In the struggle that followed the death of the victor at Bannockburn, one of the important engagements was fought in this neighbourhood, and was styled the Battle of Panmure. A later Baliol had attempted again to play the role of puppet king to the English monarch, and was at first successful. Gathering the companions of Bruce and Wallace, what was left of them, Sir Andrew Moray, the Guardian, took the field, and gave battle to the usurper's army. The result was the routing of the English force, and the turning again of the tide of Scotia's fortunes.
For long the Lindsays were the real Kings of Forfarshire, holding vast territories in Angus and Mearns. Affleck Castle was then practically an outpost of theirs, and must have been witness of many a stirring scene. When the English held Broughty Castle they built a smaller fort on Forthill, partly to strengthen their hold on Broughty, but more to enable them to advance into the heart of Forfarshire. There were forays then, minor fights and assaults, and what is less unlikely than, that Affleck Castle, but five miles distant, should be free from the attention of the Sassenach, or that Auchinleck should fail to join in the efforts, ultimately successful, to drive the English out of Broughty.
It is possible that prior to the fifteenth century there was a Castle of Aghelek, as the name first appears, occupying the site of the present tower, for among the notables in the county of Forfar who in the year 1296 bent the knee to the Hammer of the Scots, Edward the First, was one Mathew de Napier, styled I "de Aghelek". A magnate without a castle was not probable. A few years later the proprietor of Aghelek or Affleck adopted the territorial name for it is on the record that "John de Aghelek" did homage to Edward of England for his lands in the county of Forfar. The name of "Aghelek" seems to point to Gaelic origin, and "a field of stones" would be a very appropriate title, since the bed of rock on which the land lies, as well as the stony nature of the soil, might readily suggest it.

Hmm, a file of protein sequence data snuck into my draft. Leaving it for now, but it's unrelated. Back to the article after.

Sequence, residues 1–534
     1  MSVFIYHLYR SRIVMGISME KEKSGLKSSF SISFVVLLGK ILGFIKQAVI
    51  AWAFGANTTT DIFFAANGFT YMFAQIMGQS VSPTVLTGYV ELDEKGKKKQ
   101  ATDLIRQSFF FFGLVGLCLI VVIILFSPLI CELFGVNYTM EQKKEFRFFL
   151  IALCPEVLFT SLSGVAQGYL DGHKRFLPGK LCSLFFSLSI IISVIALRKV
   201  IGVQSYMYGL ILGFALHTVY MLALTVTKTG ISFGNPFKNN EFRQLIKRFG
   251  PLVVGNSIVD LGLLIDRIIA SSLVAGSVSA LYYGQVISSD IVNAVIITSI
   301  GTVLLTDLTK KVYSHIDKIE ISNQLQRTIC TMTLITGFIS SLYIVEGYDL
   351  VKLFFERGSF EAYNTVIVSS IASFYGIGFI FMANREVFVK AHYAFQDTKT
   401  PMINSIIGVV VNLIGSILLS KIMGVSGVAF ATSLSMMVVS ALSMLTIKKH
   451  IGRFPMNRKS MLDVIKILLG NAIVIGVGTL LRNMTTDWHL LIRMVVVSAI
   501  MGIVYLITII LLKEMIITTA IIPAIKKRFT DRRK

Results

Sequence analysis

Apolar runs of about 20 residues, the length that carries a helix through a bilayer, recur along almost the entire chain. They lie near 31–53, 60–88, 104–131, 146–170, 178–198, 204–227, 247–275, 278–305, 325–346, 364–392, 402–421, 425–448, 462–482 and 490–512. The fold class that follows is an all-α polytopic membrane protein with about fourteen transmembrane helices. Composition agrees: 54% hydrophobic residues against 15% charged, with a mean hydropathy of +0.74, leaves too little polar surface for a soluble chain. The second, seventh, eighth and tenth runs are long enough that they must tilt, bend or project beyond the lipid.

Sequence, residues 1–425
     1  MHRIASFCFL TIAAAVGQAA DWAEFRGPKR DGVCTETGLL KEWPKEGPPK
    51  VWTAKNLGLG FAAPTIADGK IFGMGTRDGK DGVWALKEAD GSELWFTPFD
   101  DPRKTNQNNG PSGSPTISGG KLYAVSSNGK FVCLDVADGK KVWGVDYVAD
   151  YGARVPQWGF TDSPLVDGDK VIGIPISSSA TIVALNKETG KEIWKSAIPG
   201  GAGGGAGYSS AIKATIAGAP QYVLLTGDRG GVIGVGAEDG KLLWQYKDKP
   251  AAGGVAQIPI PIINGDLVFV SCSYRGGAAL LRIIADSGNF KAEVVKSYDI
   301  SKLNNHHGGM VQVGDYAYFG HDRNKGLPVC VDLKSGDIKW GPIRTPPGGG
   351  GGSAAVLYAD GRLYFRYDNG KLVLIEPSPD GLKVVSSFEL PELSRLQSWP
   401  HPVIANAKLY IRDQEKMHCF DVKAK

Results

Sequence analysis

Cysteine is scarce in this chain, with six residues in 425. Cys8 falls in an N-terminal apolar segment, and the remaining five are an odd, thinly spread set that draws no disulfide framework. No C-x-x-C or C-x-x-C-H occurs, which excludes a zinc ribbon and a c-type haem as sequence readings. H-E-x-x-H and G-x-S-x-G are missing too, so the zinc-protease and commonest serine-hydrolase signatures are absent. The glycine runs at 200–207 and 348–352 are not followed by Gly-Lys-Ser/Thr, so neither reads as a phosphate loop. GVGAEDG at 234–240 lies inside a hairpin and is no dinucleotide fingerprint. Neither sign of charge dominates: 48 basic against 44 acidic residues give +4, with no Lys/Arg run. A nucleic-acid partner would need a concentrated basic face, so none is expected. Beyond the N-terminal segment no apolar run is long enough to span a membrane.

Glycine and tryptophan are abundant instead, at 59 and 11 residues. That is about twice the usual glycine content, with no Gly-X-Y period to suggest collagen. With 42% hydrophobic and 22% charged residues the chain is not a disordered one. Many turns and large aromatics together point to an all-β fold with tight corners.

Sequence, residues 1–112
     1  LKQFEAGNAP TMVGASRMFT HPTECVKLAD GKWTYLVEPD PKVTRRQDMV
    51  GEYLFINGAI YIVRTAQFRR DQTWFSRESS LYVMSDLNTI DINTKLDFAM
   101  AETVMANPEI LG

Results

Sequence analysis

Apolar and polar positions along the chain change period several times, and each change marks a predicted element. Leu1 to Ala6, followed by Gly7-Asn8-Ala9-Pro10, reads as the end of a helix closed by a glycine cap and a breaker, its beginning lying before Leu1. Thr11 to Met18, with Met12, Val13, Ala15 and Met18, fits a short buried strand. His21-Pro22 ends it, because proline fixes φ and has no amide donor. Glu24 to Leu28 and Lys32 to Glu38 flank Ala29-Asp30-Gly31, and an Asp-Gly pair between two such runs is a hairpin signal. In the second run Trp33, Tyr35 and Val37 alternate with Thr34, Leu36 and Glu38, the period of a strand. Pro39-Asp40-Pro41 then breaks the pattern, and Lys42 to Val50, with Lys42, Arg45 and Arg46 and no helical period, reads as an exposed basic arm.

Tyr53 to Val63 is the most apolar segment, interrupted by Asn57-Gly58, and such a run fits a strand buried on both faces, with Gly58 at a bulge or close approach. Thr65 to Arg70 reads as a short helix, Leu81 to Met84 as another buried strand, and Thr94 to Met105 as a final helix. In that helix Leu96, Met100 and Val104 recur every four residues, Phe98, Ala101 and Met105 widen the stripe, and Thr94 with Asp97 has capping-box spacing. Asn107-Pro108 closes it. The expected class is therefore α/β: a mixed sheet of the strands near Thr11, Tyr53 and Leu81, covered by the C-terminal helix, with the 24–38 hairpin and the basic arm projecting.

Coming of the Lindsays
In the fifteenth century the Lindsays came on
the scene, for in 1459 the Earl of Crawford, as superior, is
averred to have renewed the marches of Aghelek, or Auchinleck.
The Auchinlecks of that Ilk held the Castle of Affleck then, and
were the allies, perhaps the vassals, of the powerful Clan
Lindsay. Influential in the counsels of the Lindsays the
Auchinleks had been, for when the former were at the zenith of
their power Auchinleck of that Ilk was one of that select circle,
that Privy Council, that at the headquarters of the Lindsays
guided their policy. The Auchinleks, too, were the hereditary
armour-bearers to the Lindsays - to the Earl of Balcarres - and
the Lindsays themselves held the Castle of Monikie, in the
neighbourhood of Affleck, the subterranean passages of which were
said to exist in comparatively recent days. Indeed, the farmer,
the story goes, who pulled down the old castle walls became